Thus there are measures suited to the case, such as firm but loving remonstrance (1 Cor. 15: 12); a full, public exposure of the error (1 Cor. 15: 12-19), as to its nature, and its evil connections and consequences (1 Cor. 15: 33, 34); plain setting forth of the counteracting truth, for the recovery of the misled and the safeguarding of all; together with a definite restraint upon the teaching of the false doctrine.  These measures, by the grace of the Holy Spirit, will result either in the happy deliverance of the errorist, or in the creating of an atmosphere and situation so intolerable that he will be likely to withdraw.  “They went out” – not, were cast out – is said of even “antichrists” (1 John 2: 19).  Casting out was the method of such as loved the pre-eminence (3 John 10; John 9: 34).  The long exercise of love and patience will be very good for the assembly, and particularly for the elders; the investigation and exposition required will conduce to general confirmation in the faith; and the risk of friction and disruption will be generally reduced.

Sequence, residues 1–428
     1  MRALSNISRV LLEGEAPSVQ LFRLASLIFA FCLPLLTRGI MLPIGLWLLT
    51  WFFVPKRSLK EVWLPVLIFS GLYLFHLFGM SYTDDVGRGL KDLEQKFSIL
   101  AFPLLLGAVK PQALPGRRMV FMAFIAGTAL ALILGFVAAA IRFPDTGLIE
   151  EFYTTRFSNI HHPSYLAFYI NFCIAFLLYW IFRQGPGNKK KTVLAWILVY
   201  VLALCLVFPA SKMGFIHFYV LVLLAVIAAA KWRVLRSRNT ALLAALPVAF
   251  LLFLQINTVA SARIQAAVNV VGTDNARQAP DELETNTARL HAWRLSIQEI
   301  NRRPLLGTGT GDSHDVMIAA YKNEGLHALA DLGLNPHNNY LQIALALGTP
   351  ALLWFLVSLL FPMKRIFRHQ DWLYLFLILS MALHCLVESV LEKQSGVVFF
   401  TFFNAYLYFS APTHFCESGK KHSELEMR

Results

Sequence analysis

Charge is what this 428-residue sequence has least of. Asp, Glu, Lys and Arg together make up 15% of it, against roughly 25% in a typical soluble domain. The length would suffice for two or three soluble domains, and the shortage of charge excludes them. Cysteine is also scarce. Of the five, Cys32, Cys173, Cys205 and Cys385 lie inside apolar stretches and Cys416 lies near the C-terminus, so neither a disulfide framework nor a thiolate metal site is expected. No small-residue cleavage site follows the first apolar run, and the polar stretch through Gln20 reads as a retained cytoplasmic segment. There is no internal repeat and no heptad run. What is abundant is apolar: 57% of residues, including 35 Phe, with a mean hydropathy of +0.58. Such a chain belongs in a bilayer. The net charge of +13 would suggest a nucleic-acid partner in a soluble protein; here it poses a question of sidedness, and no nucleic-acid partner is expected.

But these measures require much spiritual vigour for their successful application, whereas excommunication is too often but the resort to force by those who are officially powerful but morally impotent, and this not by any means in the Church of Rome alone.


The bitterness, strife and chaos which have been the direct outcome of mutual excommunications challenge the method as being not of the Lord.  The misguided brother is seldom recovered; most frequently the evil is aggravated rather than cured, and so other conditions are induced worse than the error itself.